We are all strangers in a strange land

My memory of the brief exchange is so sharp that, some forty-five years later, I can picture the layout of the livingroom, just where I was sitting – a stranger in a strange land – among a group of a dozen or so women. 

The ceiling of the old Victorian was high, the walls a creamy white, an oriental rug spread out over a worn wood floor. The lighting was soft. A woman seated diagonally across from me on a damask-covered sofa spoke: “I always thought that if anyone got to know me, really know me, they would see me for the fraud I am.”

At that moment, hearing another woman speak the words I had so often furtively whispered to myself, I realized how alone I had truly felt, a stranger even to myself.

I was flooded with relief to have found my tribe.

This memory sprang back to life during the Passover Seder a few nights ago, as I reread a slip of paper I had tucked into my Haggadah – the text that tells the story of the Freeing of the Israelites from slavery.

God may have reached into history with “His long arm and outstretched hand” to free our bodies from forced labor. But our Exodus from Egypt is ultimately about getting the Egypt out of us: freeing ourselves from our sense of estrangement from one another and from God or Reality. 

It is  up to us to free ourselves of misunderstandings and beliefs that destroy the promise of intimacy.

My scribbled note lists three kinds of estrangement:

feeling ostracized in one’s environment

feeling displaced among one’s friends

feeling estranged from one’s own soul

That sharp memory of finding my tribe? Encoded within it are remnants of every one of these themes of isolation and alienation. Sometimes they still ache, like a deep old scar. Occasionally they bleed freely and bright red, as I am wounded afresh.

But this tribe around our Seder table is full of good will, deep listening, intentions for the world to not destroy itself. And full of  the wisdom of having devoted themselves to the study and practice of bench science and glass art, history and philosophy, theology and nursing, Afghani tribal and US government versions of conflict and diplomacy, helping others re-write the stories of their lives and writing for herself as a necessity, the art of guiding traumatized children and families through the education system, and the new political science of identifying two outworn regulations that can be dispensed with for each new one proposed.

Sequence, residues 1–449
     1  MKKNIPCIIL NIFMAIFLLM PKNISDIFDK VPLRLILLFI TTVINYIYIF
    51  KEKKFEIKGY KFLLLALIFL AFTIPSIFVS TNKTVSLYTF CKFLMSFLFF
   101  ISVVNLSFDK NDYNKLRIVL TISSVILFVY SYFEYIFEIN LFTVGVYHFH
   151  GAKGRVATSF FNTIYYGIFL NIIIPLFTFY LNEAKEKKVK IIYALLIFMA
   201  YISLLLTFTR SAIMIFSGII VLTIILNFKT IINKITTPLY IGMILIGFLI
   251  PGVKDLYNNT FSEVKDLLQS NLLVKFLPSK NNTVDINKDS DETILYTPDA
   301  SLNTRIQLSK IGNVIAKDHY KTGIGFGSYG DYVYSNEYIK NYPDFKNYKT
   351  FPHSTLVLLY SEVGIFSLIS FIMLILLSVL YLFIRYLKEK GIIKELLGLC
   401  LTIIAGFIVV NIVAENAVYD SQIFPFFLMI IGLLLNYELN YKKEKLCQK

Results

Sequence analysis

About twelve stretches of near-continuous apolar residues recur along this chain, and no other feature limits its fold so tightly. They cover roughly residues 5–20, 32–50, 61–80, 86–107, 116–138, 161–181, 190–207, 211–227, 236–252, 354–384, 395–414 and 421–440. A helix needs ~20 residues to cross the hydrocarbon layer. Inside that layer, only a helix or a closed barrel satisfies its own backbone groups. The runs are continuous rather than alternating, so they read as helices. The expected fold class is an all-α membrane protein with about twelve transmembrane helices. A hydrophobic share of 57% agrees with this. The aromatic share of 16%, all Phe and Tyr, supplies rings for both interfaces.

So much engagement with life, so many hearts hands and feet finding ways to offer welcome and solace to the ostracized, a refuge for the displaced, and soulful connection to the estranged.

So much engagement – with one another – that our guests lingered for the better part of an hour after we concluded the Seder at 12:10am, reveling in the freeing intimacy of the evening and the nourishment of hospitable and welcoming hearts.

Even as we struggle with how we may harbor one another,  relieve the desperate journeys and living conditions of those who are even now physical outcasts, we strengthen our capacities to be of true service as we heal our own personal estrangement.


Banner photo from The Passover Haggadah, illustrated by Raphael Abecassis

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  • Deborah Green
    Reply

    Sara, This is, once again, a beautiful post. Jotted a bit of into my journal, so I won’t lose it and can contemplate it on occasion. Sounds like you had an amazing group gathered for your seder. Happy (last day of) Passover, Deb

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